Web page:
City preps for return of illegal fireworks

Police present ways to crack down on issue

SOLEDAD — With time running out to make changes to the fireworks ordinance, Soledad Police Department has been looking at alternatives to crack down on illegal fireworks within city limits.

“We can try to increase our enforcement level and see if that makes a difference,” said Police Chief Eric Sills.

Sills wants to try to treat the use of illegal fireworks for the Fourth of July as not just a single day but multiple days leading up to the Independence Day celebration.

“I’m looking at increasing my staffing enforcement to four people that Friday to eight people the day before with three on overtime,” he said.

On the Fourth, Sills said that 10 police officers will be on duty, including himself and Deputy Chief Damon Wasson. This year the department is looking to use unmarked cars as well as marked police vehicles to catch people using illegal fireworks.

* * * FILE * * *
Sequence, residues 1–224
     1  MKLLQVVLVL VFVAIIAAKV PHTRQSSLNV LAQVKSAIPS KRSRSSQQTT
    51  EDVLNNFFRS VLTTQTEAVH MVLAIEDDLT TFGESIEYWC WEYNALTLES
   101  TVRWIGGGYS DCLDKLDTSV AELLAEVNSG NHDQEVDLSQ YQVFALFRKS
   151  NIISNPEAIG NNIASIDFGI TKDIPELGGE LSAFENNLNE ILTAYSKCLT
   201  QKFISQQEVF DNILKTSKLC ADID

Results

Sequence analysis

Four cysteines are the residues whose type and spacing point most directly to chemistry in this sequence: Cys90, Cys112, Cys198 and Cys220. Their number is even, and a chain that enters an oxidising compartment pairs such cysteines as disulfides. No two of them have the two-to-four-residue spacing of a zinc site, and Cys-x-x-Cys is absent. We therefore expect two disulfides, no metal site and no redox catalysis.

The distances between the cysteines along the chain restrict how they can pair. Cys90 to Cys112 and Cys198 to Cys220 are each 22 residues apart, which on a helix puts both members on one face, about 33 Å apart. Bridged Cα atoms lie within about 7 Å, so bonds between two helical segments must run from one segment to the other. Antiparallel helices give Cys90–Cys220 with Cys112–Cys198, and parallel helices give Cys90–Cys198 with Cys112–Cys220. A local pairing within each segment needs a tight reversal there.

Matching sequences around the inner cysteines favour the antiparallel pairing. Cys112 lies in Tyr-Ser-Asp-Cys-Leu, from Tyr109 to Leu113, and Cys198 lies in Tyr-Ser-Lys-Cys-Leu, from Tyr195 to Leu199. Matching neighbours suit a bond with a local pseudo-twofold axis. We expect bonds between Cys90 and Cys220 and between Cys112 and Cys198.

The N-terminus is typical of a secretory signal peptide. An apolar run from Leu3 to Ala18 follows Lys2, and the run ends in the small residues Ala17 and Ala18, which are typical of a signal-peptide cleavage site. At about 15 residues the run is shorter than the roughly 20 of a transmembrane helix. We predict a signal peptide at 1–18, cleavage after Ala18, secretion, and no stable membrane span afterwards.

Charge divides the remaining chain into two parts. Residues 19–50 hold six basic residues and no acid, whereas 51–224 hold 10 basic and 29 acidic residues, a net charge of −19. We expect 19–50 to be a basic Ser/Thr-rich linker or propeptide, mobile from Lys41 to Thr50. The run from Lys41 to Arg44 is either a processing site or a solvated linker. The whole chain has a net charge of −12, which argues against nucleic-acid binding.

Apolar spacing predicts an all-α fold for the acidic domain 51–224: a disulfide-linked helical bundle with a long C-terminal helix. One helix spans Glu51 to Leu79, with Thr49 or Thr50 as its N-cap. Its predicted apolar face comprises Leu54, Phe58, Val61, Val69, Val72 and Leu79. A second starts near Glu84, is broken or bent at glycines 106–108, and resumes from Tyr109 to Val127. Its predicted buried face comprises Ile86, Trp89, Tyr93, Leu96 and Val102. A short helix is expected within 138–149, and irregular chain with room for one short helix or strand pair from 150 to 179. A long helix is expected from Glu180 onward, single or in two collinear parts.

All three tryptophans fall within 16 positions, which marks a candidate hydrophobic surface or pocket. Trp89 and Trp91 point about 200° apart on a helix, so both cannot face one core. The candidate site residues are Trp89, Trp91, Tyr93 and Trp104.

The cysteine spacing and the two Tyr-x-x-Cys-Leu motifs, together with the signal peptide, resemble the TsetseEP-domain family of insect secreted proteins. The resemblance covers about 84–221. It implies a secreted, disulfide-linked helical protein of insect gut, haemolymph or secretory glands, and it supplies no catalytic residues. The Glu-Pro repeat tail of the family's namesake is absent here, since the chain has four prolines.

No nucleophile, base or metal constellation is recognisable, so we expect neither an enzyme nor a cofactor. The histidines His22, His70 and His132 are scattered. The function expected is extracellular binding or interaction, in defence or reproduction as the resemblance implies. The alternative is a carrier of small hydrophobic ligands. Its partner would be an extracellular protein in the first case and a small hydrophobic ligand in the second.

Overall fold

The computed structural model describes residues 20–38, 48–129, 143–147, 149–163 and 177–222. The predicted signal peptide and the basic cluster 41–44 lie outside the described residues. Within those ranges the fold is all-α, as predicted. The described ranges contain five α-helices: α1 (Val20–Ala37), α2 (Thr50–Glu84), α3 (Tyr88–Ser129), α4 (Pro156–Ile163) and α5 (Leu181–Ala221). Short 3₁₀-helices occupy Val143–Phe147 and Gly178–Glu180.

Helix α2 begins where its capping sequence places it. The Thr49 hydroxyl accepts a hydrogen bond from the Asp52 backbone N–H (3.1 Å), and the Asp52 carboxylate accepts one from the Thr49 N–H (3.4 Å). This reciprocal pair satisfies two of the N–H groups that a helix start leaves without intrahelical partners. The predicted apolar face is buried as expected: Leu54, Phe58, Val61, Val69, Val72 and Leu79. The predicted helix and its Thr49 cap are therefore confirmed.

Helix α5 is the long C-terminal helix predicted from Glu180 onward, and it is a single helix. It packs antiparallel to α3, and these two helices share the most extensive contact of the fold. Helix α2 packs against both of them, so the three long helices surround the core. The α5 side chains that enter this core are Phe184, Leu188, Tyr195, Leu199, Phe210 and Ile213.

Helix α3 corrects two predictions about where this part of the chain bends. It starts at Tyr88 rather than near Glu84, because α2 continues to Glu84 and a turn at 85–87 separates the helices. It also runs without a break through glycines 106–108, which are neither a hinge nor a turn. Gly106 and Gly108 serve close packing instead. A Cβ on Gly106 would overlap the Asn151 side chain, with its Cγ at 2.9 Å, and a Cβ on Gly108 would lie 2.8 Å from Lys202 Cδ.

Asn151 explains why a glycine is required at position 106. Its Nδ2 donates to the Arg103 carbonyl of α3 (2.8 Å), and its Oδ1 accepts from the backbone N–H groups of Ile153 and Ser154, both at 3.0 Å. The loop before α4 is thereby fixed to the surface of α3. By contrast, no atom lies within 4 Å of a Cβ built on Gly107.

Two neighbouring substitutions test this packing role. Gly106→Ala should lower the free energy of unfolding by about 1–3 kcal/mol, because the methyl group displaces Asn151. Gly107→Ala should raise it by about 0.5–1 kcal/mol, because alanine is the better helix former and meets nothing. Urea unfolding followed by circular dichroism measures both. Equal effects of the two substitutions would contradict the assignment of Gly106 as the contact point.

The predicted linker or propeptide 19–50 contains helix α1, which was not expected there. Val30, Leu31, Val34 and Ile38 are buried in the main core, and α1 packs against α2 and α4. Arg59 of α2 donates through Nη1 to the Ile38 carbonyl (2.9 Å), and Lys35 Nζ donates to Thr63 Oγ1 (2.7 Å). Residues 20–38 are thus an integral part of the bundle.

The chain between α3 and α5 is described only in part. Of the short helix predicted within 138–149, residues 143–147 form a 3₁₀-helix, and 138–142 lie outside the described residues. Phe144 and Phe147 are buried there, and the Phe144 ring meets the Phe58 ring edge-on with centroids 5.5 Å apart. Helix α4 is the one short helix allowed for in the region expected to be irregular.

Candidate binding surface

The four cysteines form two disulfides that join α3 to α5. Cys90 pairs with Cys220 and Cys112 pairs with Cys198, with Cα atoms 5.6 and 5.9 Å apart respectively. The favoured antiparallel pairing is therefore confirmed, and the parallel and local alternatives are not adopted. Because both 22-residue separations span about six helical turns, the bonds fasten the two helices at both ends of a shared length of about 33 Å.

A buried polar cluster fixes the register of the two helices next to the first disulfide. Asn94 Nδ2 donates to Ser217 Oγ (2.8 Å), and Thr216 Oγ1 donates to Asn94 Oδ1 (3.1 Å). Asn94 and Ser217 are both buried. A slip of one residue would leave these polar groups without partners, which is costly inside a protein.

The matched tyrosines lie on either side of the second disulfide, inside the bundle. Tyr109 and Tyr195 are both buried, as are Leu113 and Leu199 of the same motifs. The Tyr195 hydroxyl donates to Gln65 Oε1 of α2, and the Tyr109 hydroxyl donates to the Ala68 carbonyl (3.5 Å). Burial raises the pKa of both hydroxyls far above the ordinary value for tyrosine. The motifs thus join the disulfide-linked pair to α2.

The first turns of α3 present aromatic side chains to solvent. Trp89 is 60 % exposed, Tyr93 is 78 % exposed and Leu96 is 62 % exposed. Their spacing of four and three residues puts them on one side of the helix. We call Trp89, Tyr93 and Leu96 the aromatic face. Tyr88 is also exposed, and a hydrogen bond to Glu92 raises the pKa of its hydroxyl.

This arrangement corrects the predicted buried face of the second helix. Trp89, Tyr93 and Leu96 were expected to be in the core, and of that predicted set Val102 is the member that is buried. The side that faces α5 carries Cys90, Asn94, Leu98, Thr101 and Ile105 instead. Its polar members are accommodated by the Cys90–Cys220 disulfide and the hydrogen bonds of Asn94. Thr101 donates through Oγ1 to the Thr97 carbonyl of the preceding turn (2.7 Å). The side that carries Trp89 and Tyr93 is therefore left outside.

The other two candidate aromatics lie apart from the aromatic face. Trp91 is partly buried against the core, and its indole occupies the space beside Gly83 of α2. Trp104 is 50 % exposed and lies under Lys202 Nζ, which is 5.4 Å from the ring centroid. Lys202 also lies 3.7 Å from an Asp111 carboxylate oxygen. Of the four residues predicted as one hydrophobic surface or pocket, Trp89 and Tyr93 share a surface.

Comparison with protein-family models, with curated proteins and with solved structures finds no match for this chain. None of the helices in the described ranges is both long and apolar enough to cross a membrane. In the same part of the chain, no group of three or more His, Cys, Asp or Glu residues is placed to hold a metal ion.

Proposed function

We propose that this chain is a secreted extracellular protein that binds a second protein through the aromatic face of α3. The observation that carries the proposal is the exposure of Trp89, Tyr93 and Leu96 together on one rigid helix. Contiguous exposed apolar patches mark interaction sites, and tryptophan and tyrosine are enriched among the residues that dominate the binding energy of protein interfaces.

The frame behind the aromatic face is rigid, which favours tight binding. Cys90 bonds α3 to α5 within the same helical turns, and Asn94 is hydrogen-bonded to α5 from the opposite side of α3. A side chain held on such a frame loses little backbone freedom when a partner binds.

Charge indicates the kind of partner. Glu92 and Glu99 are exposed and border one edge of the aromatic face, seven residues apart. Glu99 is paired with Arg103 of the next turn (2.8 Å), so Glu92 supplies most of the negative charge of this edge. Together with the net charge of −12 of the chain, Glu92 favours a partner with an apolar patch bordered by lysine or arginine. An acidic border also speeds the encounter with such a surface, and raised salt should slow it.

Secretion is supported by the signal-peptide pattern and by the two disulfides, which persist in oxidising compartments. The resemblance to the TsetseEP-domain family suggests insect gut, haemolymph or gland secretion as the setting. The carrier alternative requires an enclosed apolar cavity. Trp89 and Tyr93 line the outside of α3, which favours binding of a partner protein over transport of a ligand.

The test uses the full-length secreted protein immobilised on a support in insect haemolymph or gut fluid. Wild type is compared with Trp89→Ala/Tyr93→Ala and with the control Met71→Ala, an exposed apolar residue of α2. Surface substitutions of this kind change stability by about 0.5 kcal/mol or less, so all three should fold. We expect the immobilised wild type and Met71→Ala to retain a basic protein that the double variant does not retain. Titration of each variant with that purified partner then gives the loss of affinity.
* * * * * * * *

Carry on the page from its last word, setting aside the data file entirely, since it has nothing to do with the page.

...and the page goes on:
In order to cover the cost of the police officers during the holiday week, Sills said he is looking at 12 shifts of overtime. The estimated cost is $7,500 for the six days.

Soledad Police and the Soledad Fire Department have been dealing with another problem in regards to illegal fireworks: What to do with these illegal fireworks after catching a violator?

In trying to find out what to do with the fireworks, Sills called around to other cities and even Monterey County to find out if there was a way to transport illegal fireworks in a safe way. The county referred Sills to Clean Harbor, which said it only dealt with government entities not private entities, such as the police or fire departments.

“We got in trouble, the entire state did and we had to get rid of all the inventory that we had confiscated over the years,” said Arson Investigator Richard Lopez.

As of the last City Council meeting, Sills said police officers will be citing anyone who sets off illegal fireworks, but they won’t be able to confiscate the fireworks.

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